Apart from that curious beginning, the women did think it was a meaningful meeting. Later, they learned from this teacher why things had gone so wrong in the beginning: a group of boys from that class had devised a plan in advance to ridicule the visiting gays. But instead… two lesbians stepped in! Then their plan completely fell apart! Well, at that time homosexuality was still mainly seen as something for boys or men!
The working group soon abolished the use of the term ‘homophily’, because it was veiled and led some people to think away the sexual side of a relationship: ‘Can’t you just be friends, without sex?’ That question was especially addressed to women, who – especially at the time – were often hardly seen as sexual beings. During an information session, the group refused to discuss one topic: possible causes of homosexuality; they weren’t talking about possible causes of heterosexuality, were they? And when the possibility of being cured of homosexuality was mentioned, their response was: ‘why are you asking about that? (No, we don’t need a cure, we feel fine.)’
Sometimes, after such an information meeting, a follow-up conversation with a church council ensued. In it, one pastor invoked the creation story: in a marriage, children can be born, therefore a relationship between two men or two women can never be of the same order. He was called to order by a woman who was an elder there: ‘But pastor, you don’t have children, and neither do I – so are our marriages second-class?’
The working group members never brought up texts from the Bible themselves at an information meeting, but did address questions about them. They primarily wanted to combat prejudice and sometimes had the impression that Bible texts were used to mask societal prejudices.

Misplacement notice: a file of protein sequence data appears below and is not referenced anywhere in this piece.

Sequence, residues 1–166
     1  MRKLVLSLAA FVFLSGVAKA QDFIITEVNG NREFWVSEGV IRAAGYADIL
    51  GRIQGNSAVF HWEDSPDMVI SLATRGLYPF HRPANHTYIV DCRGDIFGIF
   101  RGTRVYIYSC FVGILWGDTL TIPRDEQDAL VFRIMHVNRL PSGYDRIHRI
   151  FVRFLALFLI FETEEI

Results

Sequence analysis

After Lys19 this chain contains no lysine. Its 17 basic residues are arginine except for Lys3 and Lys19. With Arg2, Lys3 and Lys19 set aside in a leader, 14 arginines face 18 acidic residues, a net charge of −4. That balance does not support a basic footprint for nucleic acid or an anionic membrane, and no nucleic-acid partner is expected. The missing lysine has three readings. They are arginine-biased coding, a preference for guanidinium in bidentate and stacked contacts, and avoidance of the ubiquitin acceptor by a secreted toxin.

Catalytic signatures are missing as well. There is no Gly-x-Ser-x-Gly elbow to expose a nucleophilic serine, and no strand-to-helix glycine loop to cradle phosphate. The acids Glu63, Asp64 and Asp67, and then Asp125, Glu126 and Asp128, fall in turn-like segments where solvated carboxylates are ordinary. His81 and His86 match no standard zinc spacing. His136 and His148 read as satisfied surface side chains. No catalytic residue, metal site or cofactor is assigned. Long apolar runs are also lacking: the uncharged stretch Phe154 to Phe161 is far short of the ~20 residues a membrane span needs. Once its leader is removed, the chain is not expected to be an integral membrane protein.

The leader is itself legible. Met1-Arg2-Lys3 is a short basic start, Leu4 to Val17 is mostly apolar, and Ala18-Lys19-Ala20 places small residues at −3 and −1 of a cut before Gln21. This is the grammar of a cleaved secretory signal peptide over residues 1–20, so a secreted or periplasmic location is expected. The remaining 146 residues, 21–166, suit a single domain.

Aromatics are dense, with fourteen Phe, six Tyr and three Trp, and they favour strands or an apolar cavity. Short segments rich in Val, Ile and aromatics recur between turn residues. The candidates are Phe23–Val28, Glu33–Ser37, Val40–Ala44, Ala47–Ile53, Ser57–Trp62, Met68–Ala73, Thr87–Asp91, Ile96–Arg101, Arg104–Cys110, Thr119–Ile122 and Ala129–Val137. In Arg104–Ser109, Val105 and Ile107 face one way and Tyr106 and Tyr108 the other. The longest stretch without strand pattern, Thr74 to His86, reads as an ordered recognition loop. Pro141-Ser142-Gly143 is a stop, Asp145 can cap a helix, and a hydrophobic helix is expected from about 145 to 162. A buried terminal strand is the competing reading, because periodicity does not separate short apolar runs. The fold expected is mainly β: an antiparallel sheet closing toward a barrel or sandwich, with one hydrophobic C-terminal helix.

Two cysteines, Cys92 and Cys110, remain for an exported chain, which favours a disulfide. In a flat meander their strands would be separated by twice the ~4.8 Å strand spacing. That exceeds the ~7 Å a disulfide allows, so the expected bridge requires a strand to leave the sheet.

End of the working group
In the late 1980s, the working group dissolved. Earlier, some members had quit and others had joined, such as Geertje Mak who took over the coordinatorship from Gea Zijlstra. Some members became active nationally within the COC, for instance in the ‘working group dykes and theology’ founded in 1984, in which several lesbian theologians, theology students and a few more lesbians interested in theology also participated. There, the terms ‘dyke’ and ‘faggot’ were never seen as a swear word, but as a name of honor.
Gea Zijlstra, ‘Voorlichting in de jaren ‘70’, Vroom&Vrolijk 7:6 (1996) 6-7
Over mensen die homofiel zijn; rapport aan de Generale Synode van Dordrecht 1971/1972
Detail from a 1973 report of articles on homophily and church.
Group photo Churches Information Working Group, 22 September 1977: from left to right, back row: Alp Buitelaar, Astrid Sakkers, Chienus Schokker and Nel Aleman, Front row: Truus Hortensius, Gea Zijlstra, Hellen de Wit and Joke Stroes.
Round photo above: Bible moralisée (1220s); Manuscript (Codex Vindobonensis 2554); Österreichische Nationalbibliothek, Vienna, Wikimedia Commons.